From Wishbone to Bruiser to viral star Tinkerbelle: A pop cultural history of tiny dogs wearing clothes

We chart the surprisingly wide-ranging influence of small dogs in fly threads

Published August 11, 2014 6:10PM (EDT)

      (<a href=''>Annette Shaff</a> via <a href=''>Shutterstock</a>)
(Annette Shaff via Shutterstock)

Cupcakes may be dead but the musical geniuses behind Rebecca Black's "Friday" recently brought us their own version of a musical revival with the track "Cupcakes," featuring singer Gina Naomi Baez and Tinkerbelle, a dog. Look past the surprisingly hideous-looking cupcakes, the homeless man, cheerleaders, and you'll see that the real star of this musical production is Tinkerbelle and her extensive wardrobe of frilly, polka-dotted, Technicolor dresses and tutus.

But Tinkerbelle isn’t the first dog (or even the first dog named Tinkerbell) to trot into the cultural spotlight. America has a long history of dressing up tiny dogs in cute clothes — whether the practice is a humanitarian one is an argument better left to the canine parenting blogs. But Tinkerbelle certainly owes a lot to her predecessors.

Ronnie, 1981:

Before the high-couture outfits dogs would come to sport in the 2000s, we had Ronnie, Rick Springfield's beloved pup featured on the 1981 album cover of "Working Class Dog." Ronnie's outfit appropriately reflects the album title, and he dons a white collared shirt with black, square-end tie:

Wishbone, 1995-1998:

The mid-'90s brought us an even cuter (and educational!) trend in canine style, as seen in the PBS children's series "Wishbone." Played by Soccer the dog, Wishbone reenacted his own interpretations of classic literature tales while wearing some of the most intricate doggy clothes ever seen on television.

Bruiser, 2001:

The clothed Chihuahua that launched a thousand imitators: Bruiser Woods, Reese Witherspoon's chic companion in the 2001 hit "Legally Blonde."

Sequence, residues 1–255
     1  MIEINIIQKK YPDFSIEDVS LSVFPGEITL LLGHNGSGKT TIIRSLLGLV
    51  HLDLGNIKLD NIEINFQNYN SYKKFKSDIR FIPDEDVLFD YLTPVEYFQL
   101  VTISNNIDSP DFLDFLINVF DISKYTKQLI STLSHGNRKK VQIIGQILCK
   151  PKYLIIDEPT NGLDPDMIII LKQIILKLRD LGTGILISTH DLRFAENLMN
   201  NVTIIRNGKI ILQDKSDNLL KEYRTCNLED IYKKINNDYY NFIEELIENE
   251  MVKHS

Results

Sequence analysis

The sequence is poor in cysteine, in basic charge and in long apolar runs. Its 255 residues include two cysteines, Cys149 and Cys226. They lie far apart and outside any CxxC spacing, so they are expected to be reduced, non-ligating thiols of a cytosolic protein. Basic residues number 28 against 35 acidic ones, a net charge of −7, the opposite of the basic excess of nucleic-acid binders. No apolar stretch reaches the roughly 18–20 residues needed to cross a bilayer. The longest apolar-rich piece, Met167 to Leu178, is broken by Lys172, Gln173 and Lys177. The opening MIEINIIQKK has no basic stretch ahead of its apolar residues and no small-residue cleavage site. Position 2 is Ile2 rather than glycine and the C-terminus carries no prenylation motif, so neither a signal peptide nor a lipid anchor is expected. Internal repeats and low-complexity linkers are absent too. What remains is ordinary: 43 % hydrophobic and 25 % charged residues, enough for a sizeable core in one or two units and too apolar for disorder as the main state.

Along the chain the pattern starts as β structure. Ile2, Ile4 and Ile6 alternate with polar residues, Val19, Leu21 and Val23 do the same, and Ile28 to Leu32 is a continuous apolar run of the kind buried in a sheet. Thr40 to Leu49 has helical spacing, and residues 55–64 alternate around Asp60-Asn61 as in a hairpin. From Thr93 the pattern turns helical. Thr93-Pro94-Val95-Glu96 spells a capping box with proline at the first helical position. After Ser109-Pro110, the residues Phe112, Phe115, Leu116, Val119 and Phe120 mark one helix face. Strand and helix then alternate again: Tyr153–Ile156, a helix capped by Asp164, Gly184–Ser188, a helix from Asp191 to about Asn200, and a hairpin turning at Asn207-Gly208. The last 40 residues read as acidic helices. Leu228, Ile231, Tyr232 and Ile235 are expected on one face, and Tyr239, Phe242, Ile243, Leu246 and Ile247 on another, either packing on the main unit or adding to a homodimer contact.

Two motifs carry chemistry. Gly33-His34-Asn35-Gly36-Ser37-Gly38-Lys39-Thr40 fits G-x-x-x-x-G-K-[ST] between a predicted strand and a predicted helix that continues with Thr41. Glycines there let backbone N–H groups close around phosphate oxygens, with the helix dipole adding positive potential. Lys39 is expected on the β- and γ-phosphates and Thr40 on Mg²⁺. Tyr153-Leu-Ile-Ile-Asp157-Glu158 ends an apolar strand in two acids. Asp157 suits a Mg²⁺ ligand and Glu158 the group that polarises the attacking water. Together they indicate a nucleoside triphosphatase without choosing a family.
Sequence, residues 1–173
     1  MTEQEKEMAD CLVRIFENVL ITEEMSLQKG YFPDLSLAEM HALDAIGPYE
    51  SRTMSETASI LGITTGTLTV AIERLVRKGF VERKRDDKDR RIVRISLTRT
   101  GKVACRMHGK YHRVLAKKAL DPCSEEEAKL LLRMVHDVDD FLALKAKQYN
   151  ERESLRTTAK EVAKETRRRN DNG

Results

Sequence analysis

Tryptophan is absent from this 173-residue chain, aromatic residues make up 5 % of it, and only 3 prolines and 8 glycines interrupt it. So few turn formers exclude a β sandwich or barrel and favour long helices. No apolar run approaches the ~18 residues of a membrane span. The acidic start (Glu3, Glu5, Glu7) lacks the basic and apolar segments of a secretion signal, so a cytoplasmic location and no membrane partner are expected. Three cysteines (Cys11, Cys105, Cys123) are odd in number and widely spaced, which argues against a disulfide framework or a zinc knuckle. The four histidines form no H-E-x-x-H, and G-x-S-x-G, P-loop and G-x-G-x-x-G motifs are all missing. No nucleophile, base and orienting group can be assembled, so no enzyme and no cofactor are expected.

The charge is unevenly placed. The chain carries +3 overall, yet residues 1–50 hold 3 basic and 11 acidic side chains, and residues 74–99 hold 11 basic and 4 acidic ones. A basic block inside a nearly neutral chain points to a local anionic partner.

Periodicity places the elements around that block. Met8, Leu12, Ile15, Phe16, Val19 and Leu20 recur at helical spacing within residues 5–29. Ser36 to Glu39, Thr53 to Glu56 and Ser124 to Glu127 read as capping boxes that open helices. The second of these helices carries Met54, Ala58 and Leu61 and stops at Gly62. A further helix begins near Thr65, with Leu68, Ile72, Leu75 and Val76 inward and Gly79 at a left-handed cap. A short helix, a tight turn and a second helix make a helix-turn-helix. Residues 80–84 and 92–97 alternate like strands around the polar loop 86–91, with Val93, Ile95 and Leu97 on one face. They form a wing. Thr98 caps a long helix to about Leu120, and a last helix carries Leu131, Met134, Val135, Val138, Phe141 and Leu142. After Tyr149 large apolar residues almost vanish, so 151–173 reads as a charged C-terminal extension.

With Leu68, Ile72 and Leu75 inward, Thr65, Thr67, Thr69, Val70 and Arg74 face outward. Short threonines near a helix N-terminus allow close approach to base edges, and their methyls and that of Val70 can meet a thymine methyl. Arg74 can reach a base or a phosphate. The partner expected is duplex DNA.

The original Tinkerbell, 2002-2005:

Passing decades (or, I guess, generations in dog years) brought us smaller and smaller dogs — doggy fashion is now mostly prominent among miniature breeds such as Chihuahuas, Malteses, pugs and Pomeranians. The early aughts not only gave us the captivating duo of Paris Hilton and Nicole Richie but also introduced us to the original Tinkerbell, Paris' teacup Chihuahua.

Boo, 2010:

The current decade has marked a shift in our approach to dog fashion (which makes the current Tinkerbelle's overwrought outfits all the more outdated). Gone are the garish tutus and bedazzled collars—it's all minimalist couture now.

Take social media phenomenon Boo, for example. Perhaps the only thing cuter than baby shoes are tiny dog shoes, and Boo often sports little booties in bright colors to protect his perfect fur from the dirty pavement.  Boo also demonstrates that dog fashion doesn’t have to be overwhelmingly twee — he often sports chic sweater vests and bow ties.

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Penny, 2012-now:

It's no surprise that the actress Blake Lively, curator of the new lifestyle website Preserve (and now hilariously described as a celebrity homemaker by Wikipedia), would have an equally stylish dog. Penny has been spotted in a warm gray cable-knit sweater that I sincerely hope comes in human sizes.

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Menswear Dog, 2014:

Menswear Dog is not exactly tiny, but he is one of the latest dog fashion icons, and perhaps the one with the flyest threads — the 5-year-old Shiba Inu star of the Tumblr "Menswear Dog," in which he wears outfits lifted straight from the pages of GQ.

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And finally:

By Andrea Villena

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